Rebecca Fernandez is a junior programmer at Weird Beard Games in Amsterdam. Prior to this, Rebecca taught programming at a tertiary level in Australia. Outside of work, Rebecca helps to run Global Game Jam as one of the executive committee members, and she also helps out with the IGDA scholars program and the IGDA WIG SIG.
Name: Rebecca Fernandez
Years of experience: 1 year/programmer, 5 years/teacher
Shipped Game Titles:
Armello (2015) – programmer
1. What are you currently reading and/or playing?
Currently reading The Neutronium Alchemist by Peter F Hamilton. Also Write Great Code by Randall Hyde since I want to learn more about engine development.
I’m currently playing a number of things (depending on my mood when I get home) – The Witcher 3, Story of Seasons, and recently Banished. And I also do still go back to The Sims 3 quite regularly – it’s my favourite game to play when I’m a bit tired or I want to calm my thoughts.
2. First time you knew you wanted to work in games was…?
Hmm – I think it was a slow realisation (it took a long time for me to believe that it actually was a job). But I do remember once playing Call of Duty 4 when I was hiding in cover behind another soldier, and I realised I could see the weave of the soldier’s fabric highlighted by the moonlight. I was so impressed by this detail that I immediately wanted to learn more about how it was done – and from then I’ve been completely hooked.
3. What was your favorite mistake?
I think my favourite mistake was definitely trying to start an indie studio with friends when I was straight out of university. For my career in terms of programming skill it was a terrible move – I really should have tried to get a job working for someone else. But through this endeavour I met the game development community both in Australia and overseas. I became involved with IGDA, the Global Game Jam and I met my current boyfriend. So I really wouldn’t change a thing!
4. What was your favorite success?
This question has taken me a long time to answer. I think I tie success to learning – so whenever I discover a leap in my knowledge, I feel successful. This last year has been great – I’ve learned a lot about structuring my code, and I feel a lot more confident when coming up with architectural solutions. Each time I go to GDC and feel I understand a larger portion of the coding talks, then I also feel successful.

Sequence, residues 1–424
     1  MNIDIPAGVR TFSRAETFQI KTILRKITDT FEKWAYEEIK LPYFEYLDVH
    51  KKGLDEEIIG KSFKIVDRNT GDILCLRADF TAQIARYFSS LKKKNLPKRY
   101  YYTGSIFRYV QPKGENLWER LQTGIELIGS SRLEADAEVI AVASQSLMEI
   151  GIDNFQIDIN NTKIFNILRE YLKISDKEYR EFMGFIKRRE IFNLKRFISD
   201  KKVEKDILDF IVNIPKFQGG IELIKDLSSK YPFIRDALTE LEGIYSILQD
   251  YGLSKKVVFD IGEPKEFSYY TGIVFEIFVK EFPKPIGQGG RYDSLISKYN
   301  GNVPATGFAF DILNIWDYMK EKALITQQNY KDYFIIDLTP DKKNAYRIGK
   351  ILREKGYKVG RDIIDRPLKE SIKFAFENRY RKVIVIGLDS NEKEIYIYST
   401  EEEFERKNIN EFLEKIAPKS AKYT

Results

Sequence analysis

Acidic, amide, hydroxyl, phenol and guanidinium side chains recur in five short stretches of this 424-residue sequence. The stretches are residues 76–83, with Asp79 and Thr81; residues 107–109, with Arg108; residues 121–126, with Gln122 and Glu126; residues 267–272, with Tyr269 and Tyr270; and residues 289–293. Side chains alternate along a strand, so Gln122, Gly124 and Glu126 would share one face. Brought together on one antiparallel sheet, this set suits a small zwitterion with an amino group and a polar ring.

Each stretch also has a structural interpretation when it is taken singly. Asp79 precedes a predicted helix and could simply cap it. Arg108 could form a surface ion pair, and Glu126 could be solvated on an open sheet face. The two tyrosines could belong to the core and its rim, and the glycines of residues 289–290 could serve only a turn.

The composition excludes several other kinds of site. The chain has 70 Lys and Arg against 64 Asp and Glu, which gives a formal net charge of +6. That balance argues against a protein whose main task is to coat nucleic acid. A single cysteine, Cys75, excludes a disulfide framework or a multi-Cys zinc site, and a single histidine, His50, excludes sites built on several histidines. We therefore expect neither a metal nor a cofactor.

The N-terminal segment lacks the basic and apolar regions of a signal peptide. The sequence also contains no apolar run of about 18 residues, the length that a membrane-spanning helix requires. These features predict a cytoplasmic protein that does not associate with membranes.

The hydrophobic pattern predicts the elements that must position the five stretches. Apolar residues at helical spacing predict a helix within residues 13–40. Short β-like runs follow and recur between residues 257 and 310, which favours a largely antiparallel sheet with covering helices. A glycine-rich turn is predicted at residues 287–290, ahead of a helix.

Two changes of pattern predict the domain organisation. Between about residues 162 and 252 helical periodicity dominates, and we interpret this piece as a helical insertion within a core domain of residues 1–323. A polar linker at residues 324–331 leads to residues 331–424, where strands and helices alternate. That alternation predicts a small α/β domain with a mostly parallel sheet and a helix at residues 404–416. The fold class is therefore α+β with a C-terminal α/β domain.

5. What’s the best advice you ever got?
This isn’t exactly advice I’ve been given, but it’s a moment in a book that has really shaped my approach to tasks. In the third Harry Potter book, Harry has been trying to learn how to cast a Patronus (a rather difficult spell that must be performed under stressful circumstances) and failing rather miserably. Toward the end of the book he is saved by a figure who casts a powerful Patronus at the last minute. After this, Harry travels back in time and realises that the figure was actually himself. This means that Harry *knows* he can do this spell, since he’s already seen himself do it (sorry if I lost anyone with this description). Also, between the point Harry was saved and the point he casts the Patronus, he doesn’t gain any knowledge, just confidence.
When I find myself faced with a difficulty (like public speaking) I try and imagine my future self who has already done the difficult thing (successfully). If I imagine that I’ve already done it, then it means I definitely have the ability to do it – and then I can relax a bit and do my best. And I think about Harry – he was capable of that spell all along, he just needed the confidence. I’m sure there are many things I’m capable of as long as I have the confidence – so I try to trick myself into having the confidence. It seems to work most of the time!
6. Share one thing few know about you.
I really enjoy listening to bagpipes – but in particular the Spanish bagpipe music traditional to the area where my father was born.
7. What’s one thing or trend you’re most excited about in the industry?
As a gamer I’m quite excited about all the focus on branching narrative lately. I love being able to make meaningful choices in a game and I’d love for that experience to feel more and more immersive as developers improve.
As a developer I’m interested by the technical challenges that VR introduces.
8. Anything else you want to add?
I’m glad I’ve ended up in the games industry for many reasons, but lately I’ve realised how well the industry has been scratching my travel itch. I love travelling, and I’m so glad I get the opportunity to live and work in different countries, continents and hemispheres.
Feel free to reblog with a link to http://women.igda.org/wouldnt-change-a-thing-wig-sig-profi…/. If you are a lady dev who’d like to be profiled or would like to nominate one, please contact Anne [at] igda [dot] org.